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Ours started the car in the mountains after being left overnight, at 13F, when the resting voltage was 11.2V but it cranked really slowly and probably wouldn't have lasted long if the car hadn't started right up. FYI, I'm testing the voltage with a USB adaptor in the cig port, not directly on the battery, and with ACC on, so there's other load from the HU starting up, interior lights on, etc.

rlouie, how long should a battery be left after charging (i.e. driving the car) to get a good sense of the true state of charge?
Depends on the condition of the battery to start with - both health and state of charge. If the battery is near zero and in good health, the surface charge gets absorbed quickly until the battery gets close to 70% or so - then you would need less time to understand what's going on. If the battery is near full, the surface charge takes a while...


Example. If you have a 12.0V reading on your battery, and you charge it for an hour at 14.4V/5A, immediately after charging stops, you will see that voltage drop to under 14V and then quickly through 13V (probably less than 30 minutes) where it starts slowing at about 12.5V. Given a few more hours, you'll see it drop down to approx 12.1V

On the flip side, if you have a 12.7V battery and you charge it, immediately after charging stops, you will still probably see the voltage drop to under 14V but it will be a much slower decline to 13V (may take 2 hours) where it slowly declines down to 12.88V in another few hours.
 

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I'm charging one of the 7Ah SLAs on my desk with the iMax B6 and it's interesting watching the charging voltage. For the first hour it was around 13.8V +/- 0.2V until it had supplied about 1Ah and now it's steady at 14.7V with 1.55Ah supplied so far in total (almost two hours).
I believe that's the function of the charger more than anything else. Most chargers like to do a slower ramp up and then increase the rate as it becomes comfortable.
 

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Discussion Starter #23
I believe that's the function of the charger more than anything else. Most chargers like to do a slower ramp up and then increase the rate as it becomes comfortable.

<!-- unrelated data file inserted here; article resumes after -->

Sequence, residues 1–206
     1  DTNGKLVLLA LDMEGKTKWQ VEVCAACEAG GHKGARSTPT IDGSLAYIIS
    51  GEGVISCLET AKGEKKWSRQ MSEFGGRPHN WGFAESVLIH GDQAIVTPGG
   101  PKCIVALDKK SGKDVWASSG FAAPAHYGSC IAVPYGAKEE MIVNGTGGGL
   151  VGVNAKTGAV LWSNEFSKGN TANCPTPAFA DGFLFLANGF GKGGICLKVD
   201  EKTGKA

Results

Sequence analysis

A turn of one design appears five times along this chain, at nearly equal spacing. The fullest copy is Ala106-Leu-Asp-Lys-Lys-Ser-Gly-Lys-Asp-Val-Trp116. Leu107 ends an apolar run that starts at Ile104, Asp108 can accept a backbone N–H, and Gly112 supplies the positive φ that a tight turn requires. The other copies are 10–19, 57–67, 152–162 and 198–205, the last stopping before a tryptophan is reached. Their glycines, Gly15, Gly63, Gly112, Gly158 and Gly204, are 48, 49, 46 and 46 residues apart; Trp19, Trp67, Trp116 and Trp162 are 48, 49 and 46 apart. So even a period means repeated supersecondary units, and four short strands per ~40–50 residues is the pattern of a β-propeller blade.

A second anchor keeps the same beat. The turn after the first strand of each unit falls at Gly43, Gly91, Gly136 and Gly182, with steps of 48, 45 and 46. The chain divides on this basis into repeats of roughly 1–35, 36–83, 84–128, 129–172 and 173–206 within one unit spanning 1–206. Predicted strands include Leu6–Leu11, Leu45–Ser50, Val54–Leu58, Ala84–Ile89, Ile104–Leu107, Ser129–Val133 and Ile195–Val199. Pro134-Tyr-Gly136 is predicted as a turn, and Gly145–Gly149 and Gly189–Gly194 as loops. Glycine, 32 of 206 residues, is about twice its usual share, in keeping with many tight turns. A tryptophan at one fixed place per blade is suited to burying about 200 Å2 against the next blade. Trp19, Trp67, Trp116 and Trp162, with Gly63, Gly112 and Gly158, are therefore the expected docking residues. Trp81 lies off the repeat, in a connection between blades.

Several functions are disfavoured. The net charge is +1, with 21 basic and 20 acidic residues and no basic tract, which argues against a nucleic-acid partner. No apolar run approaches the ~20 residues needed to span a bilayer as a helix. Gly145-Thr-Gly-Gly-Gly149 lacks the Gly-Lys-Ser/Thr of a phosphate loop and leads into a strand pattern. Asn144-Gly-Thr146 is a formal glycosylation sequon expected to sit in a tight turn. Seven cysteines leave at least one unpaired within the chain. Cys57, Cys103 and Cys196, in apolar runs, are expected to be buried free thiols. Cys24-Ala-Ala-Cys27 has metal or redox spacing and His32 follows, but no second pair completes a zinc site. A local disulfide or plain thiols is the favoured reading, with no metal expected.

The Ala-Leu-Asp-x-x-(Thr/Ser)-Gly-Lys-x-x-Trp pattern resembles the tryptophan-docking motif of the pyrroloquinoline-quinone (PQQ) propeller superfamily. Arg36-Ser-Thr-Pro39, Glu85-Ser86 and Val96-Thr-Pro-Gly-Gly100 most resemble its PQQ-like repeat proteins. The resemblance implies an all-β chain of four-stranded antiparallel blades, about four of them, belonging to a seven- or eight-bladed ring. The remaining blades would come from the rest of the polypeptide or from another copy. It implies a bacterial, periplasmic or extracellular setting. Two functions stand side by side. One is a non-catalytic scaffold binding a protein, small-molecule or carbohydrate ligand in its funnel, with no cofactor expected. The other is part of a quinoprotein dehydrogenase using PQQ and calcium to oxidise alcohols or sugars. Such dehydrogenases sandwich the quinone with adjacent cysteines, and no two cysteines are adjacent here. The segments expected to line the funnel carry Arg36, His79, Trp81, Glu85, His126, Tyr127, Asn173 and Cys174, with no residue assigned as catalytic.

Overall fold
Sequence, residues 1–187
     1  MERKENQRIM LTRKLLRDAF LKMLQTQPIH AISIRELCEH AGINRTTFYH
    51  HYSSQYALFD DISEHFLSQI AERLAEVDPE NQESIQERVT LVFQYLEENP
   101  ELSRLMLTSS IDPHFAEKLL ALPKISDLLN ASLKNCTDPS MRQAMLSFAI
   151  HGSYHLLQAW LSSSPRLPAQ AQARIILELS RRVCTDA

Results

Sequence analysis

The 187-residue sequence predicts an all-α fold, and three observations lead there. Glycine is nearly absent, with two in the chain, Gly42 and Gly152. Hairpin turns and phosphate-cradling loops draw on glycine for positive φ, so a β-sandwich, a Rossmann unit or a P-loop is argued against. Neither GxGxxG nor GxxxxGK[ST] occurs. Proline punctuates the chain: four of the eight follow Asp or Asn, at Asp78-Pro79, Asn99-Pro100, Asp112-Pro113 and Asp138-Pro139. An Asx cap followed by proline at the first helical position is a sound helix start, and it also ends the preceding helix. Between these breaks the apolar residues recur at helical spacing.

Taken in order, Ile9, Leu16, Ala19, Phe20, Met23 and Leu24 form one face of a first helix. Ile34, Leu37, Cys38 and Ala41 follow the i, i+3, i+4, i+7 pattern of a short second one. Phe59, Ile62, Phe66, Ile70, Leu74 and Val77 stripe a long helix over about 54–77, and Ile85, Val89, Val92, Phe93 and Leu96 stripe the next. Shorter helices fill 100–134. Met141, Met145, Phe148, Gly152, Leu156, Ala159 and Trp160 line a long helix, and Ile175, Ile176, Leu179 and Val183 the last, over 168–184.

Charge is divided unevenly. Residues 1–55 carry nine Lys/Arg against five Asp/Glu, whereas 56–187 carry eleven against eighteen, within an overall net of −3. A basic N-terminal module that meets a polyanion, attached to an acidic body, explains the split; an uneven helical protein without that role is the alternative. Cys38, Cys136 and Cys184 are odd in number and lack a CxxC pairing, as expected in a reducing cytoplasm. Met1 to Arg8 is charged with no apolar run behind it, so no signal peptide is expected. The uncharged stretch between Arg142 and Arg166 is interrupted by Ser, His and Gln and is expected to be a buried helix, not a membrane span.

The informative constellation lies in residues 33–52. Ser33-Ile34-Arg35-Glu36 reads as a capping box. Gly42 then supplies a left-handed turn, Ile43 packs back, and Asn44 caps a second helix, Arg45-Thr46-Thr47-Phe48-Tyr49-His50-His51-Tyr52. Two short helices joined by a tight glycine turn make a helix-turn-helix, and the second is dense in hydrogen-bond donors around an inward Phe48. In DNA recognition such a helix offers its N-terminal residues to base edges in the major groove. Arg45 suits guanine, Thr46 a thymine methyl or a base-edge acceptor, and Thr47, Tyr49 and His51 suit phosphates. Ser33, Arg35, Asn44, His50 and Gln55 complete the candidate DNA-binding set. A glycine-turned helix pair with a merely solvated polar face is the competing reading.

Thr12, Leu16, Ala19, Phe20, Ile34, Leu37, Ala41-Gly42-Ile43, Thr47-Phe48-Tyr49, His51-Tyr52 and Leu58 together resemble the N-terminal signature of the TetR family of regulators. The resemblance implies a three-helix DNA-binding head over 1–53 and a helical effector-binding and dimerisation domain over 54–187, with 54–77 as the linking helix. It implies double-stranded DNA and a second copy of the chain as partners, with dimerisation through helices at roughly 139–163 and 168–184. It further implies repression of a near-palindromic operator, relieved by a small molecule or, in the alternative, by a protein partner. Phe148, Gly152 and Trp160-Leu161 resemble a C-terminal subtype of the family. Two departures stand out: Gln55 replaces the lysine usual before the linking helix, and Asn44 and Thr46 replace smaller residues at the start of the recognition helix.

I can set the max amperage it delivers, up to 5.0A, and for the 7Ah I set it to 1.0A. It started out around 12.3V (had been stored for over a year) and the charger shut off after about three hours. An hour later, it's at 12.8V. Seems consistent with the math, and that the iMax B6 is doing an OK job charging a lead acid battery.
 

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Discussion Starter #24
After a few mores tests, I'm trying a different tack. The dash cam has only been connected via the cig port for a few days of normal commuting and errands and this morning the battery is 12.0V so I'm going to try a solar panel (maybe plus the dedicated SLA if the panel can't keep the battery more fully charged.

For those of you that have them, how do you connect them? Obviously the cig ports aren't powered. Is it OK to use one of the unused always-on fuse sockets in the driver's side panel? The controller has separate connections for the battery and the load.
 

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Discussion Starter #25 (Edited)
The battery was 11.9V this morning.

The 30W solar panel arrived this afternoon. In direct sun, directed at the sun, the most I could get it to produce was 14W. Inside the car it was far less.

I won't get to play with the Crosstrek in the sun for a few days. Any comments on how to connect it?
 

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The battery was 11.9V this morning.

The 30W solar panel arrived this afternoon. In direct sun, directed at the sun, the most I could get it to produce was 14W. Inside the car it was far less.

I won't get to play with the Crosstrek in the sun for a few days. Any comments on how to connect it?
The big problem is where to put the panel so that it gets light but it won't get in the way AND you don't have to put it back in place everytime you park. How big is the panel?
 

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Yeah, I've been trying to figure that one since I suggested solar charging of the SLA. My best guess is roof rack. If I had a solar and a rack, that's what I'd do. If I needed solar, it would be an excuse to buy a roof rack!
However, that would mean getting the wires back inside somehow and a beefier panel is required to survive outside. Longevity of the panel is another issue.

I might try and go along the door weather stripping to get it IVO the fuse panel. I could also consider drilling out access through the antenna (and sealing it up), drooping the roof liner and running inside but I'll need a second look for options when its not less than -30; that's -22 to you southern folk.